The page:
Advertisements

RPi: Static WiFi Addressing

Having configured ssh on the Raspberry Pi for public keys, the next step is to cut the cord by configuring the USB WiFi dongle to automagically come up with a static IP.

[Update: As of 2017, set a static IP by tweaking /etc/dhcpcd.conf instead. Search the blog for that to find recent descriptions. ]

Make /etc/network/interfaces look like this:

auto lo

iface lo inet loopback

#iface eth0 inet dhcp

auto eth0
#iface eth0 inet static
iface eth0 inet manual
 address 192.168.1.209
 gateway 192.168.1.1
 netmask 255.255.255.0
 network 192.168.1.0
 broadcast 192.168.1.255

allow-hotplug wlan0

#iface wlan0 inet manual
iface wlan0 inet static
 address 192.168.1.9
 gateway 192.168.1.1
 netmask 255.255.255.0
 network 192.168.1.0
 broadcast 192.168.1.255

#wpa-roam /etc/wpa_supplicant/wpa_supplicant.conf
wpa-conf /etc/wpa_supplicant/wpa_supplicant.conf

iface default inet dhcp

Then set up /etc/wpa_supplicant/wpa_supplicant.conf thusly:

ctrl_interface=DIR=/var/run/wpa_supplicant GROUP=netdev
update_config=1

network={
	ssid="whatever it might be"
	psk="choose your own password"
}

You want different IP addresses for the eth0 and wlan0 devices, because you never know when you’ll be forced to use them at the same time.

Using wpa-conf rather than wpa-roam prevents the machinery from automagically doing things when you’re not watching.

The router can hand out IP addresses based on MACs, but that means bottling up all that configuration in a single device that might go toes up. Forcibly configuring each device to a static IP adds a bit of resilience to the network, right up to the point where you must change all of them at once.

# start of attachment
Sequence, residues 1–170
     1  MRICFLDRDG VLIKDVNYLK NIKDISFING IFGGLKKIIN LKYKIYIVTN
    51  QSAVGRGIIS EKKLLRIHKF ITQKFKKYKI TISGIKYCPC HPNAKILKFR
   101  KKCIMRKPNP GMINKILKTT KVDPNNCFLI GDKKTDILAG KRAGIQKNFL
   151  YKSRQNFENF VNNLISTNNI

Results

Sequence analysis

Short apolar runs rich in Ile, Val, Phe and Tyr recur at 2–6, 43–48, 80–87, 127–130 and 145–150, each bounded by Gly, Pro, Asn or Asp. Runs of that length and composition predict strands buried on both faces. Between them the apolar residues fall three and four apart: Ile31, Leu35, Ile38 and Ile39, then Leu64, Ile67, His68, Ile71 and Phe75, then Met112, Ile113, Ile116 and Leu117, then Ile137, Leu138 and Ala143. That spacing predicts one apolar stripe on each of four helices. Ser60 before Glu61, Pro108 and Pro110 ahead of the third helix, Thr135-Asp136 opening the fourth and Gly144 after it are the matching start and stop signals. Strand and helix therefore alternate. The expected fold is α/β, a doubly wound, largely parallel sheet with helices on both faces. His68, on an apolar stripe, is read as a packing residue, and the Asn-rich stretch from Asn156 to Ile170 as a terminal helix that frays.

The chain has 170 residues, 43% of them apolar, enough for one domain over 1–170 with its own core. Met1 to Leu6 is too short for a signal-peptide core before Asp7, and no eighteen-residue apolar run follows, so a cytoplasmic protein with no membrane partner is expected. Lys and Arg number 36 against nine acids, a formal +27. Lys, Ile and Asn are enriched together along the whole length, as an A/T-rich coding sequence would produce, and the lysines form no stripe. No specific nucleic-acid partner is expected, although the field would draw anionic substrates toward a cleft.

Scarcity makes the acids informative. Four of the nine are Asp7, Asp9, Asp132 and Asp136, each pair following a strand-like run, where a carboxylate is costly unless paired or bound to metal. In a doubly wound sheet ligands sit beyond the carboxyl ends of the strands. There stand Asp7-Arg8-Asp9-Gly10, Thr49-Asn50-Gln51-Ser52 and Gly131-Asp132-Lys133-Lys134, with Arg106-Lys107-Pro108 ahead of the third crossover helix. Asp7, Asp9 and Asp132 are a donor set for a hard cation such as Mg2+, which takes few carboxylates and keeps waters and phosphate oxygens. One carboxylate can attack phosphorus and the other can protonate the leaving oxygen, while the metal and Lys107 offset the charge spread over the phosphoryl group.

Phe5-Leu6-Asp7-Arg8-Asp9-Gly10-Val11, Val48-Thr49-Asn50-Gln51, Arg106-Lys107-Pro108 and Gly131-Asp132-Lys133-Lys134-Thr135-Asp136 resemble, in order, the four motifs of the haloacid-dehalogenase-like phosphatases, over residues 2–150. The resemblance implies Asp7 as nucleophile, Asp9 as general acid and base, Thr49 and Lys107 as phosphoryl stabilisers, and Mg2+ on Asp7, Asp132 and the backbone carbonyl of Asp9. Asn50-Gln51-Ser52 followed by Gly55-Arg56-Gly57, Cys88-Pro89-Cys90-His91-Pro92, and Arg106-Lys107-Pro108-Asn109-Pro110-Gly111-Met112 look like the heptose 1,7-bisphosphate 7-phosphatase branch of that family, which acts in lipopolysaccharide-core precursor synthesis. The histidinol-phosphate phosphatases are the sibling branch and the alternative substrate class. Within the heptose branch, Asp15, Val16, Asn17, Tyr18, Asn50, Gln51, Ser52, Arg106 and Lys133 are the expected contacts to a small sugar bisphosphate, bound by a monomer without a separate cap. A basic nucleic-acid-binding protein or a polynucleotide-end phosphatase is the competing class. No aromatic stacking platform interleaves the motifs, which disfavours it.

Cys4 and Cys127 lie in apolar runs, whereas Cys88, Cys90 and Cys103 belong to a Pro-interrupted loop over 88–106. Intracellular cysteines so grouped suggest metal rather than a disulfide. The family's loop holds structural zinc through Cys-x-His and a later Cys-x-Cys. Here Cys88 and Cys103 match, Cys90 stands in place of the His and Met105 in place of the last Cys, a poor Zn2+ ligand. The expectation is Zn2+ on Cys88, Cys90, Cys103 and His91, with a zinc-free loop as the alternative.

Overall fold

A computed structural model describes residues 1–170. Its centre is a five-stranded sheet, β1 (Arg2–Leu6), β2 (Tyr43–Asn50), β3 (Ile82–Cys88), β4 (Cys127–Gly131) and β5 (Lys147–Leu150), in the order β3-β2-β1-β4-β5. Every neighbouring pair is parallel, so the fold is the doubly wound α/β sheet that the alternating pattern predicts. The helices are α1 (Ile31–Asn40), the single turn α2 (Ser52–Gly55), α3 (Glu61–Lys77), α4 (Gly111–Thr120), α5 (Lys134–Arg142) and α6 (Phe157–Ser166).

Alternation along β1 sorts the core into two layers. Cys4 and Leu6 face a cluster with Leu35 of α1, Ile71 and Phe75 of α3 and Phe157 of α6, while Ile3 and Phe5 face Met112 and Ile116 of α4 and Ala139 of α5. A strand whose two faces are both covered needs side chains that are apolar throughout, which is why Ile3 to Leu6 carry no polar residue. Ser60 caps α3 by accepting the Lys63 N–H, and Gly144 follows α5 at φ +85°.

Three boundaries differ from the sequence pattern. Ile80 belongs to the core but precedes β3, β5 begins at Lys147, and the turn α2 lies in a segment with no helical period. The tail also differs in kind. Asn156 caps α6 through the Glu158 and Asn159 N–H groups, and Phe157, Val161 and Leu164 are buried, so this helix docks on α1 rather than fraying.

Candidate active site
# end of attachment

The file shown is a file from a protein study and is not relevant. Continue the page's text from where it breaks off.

Alas, the router seemed to lose track of the Pi after a day. Pinging from my desktop box reported Destination Host Unreachable, even though signing on through the USB keyboard showed the USB WiFi link (a netis WF2123) was still up. Signing on to the router and refreshing the DHCP list (even though the RPi has a static IP) knocked things loose: suddenly the RPi became pingable.

It seems the WiFi link turns itself off after a while, which can be averted by tweaking the options:

sudo nano /etc/modprobe.d/8192cu.conf
# Disable power saving
options 8192cu rtw_power_mgnt=0 rtw_enusbss=0
  

The WordPress sourcecode tag seems to turn underscores into blanks [Update: on the last line of a sourcecode block, which I’ve now forced to be a blank line; the options should read rtw_power_mgmt and rtw_enusbss, respectively.

Anyhow, the rtw_enusbss option prevents the USB interface from going down. It was already zero in the default configuration, but I presume there’s no harm in clearing it again.

Advertisements

  1. #1 by solaandjin on 2015-03-22 - 08:41

    Do you use static IPs for all your machines, or DHCP for some and static for others? If the latter case, you can edit dhclient.conf to request a specific IP address so that the router knows not to hand it out to somebody else.

    • #2 by Ed on 2015-03-22 - 09:35

      All the desktop / machine tool boxes have static IPs scattered through .1 to about .30, mostly so I can ssh into them from the Comfy Chair, and everything else gets a dynamic IP in the range .50 to .99 from the router.